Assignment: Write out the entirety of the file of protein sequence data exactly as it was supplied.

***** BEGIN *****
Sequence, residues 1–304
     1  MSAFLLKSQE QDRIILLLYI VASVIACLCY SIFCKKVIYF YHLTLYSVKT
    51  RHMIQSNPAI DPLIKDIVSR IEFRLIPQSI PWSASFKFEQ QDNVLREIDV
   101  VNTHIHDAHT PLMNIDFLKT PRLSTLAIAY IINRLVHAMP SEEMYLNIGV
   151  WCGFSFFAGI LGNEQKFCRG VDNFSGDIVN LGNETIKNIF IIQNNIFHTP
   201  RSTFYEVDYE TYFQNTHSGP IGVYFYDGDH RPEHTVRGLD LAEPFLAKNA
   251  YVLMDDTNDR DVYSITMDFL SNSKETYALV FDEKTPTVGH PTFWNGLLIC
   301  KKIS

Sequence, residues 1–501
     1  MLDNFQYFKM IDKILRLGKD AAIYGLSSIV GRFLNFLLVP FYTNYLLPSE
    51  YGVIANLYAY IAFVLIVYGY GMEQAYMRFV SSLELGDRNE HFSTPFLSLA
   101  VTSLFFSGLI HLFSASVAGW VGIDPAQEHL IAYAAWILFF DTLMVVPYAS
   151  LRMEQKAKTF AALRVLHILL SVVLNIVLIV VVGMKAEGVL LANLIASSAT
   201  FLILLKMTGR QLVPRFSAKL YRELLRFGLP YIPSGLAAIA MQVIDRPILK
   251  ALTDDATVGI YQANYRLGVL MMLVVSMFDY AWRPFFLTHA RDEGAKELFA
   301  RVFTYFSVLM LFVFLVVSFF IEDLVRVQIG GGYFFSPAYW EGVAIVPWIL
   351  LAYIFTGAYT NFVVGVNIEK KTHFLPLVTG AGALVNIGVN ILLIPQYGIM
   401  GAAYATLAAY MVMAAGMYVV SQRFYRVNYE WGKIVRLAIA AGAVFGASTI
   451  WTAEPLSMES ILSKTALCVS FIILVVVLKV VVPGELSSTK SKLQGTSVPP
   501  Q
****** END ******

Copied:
Sequence, residues 1–304
     1  MSAFLLKSQE QDRIILLLYI VASVIACLCY SIFCKKVIYF YHLTLYSVKT
    51  RHMIQSNPAI DPLIKDIVSR IEFRLIPQSI PWSASFKFEQ QDNVLREIDV
   101  VNTHIHDAHT PLMNIDFLKT PRLSTLAIAY IINRLVHAMP SEEMYLNIGV
   151  WCGFSFFAGI LGNEQKFCRG VDNFSGDIVN LGNETIKNIF IIQNNIFHTP
   201  RSTFYEVDYE TYFQNTHSGP IGVYFYDGDH RPEHTVRGLD LAEPFLAKNA
   251  YVLMDDTNDR DVYSITMDFL SNSKETYALV FDEKTPTVGH PTFWNGLLIC
   301  KKIS

Sequence, residues 1–501
     1  MLDNFQYFKM IDKILRLGKD AAIYGLSSIV GRFLNFLLVP FYTNYLLPSE
    51  YGVIANLYAY IAFVLIVYGY GMEQAYMRFV SSLELGDRNE HFSTPFLSLA
   101  VTSLFFSGLI HLFSASVAGW VGIDPAQEHL IAYAAWILFF DTLMVVPYAS
   151  LRMEQKAKTF AALRVLHILL SVVLNIVLIV VVGMKAEGVL LANLIASSAT
   201  FLILLKMTGR QLVPRFSAKL YRELLRFGLP YIPSGLAAIA MQVIDRPILK
   251  ALTDDATVGI YQANYRLGVL MMLVVSMFDY AWRPFFLTHA RDEGAKELFA
   301  RVFTYFSVLM LFVFLVVSFF IEDLVRVQIG GGYFFSPAYW EGVAIVPWIL
   351  LAYIFTGAYT NFVVGVNIEK KTHFLPLVTG AGALVNIGVN ILLIPQYGIM
   401  GAAYATLAAY MVMAAGMYVV SQRFYRVNYE WGKIVRLAIA AGAVFGASTI
   451  WTAEPLSMES ILSKTALCVS FIILVVVLKV VVPGELSSTK SKLQGTSVPP
   501  Q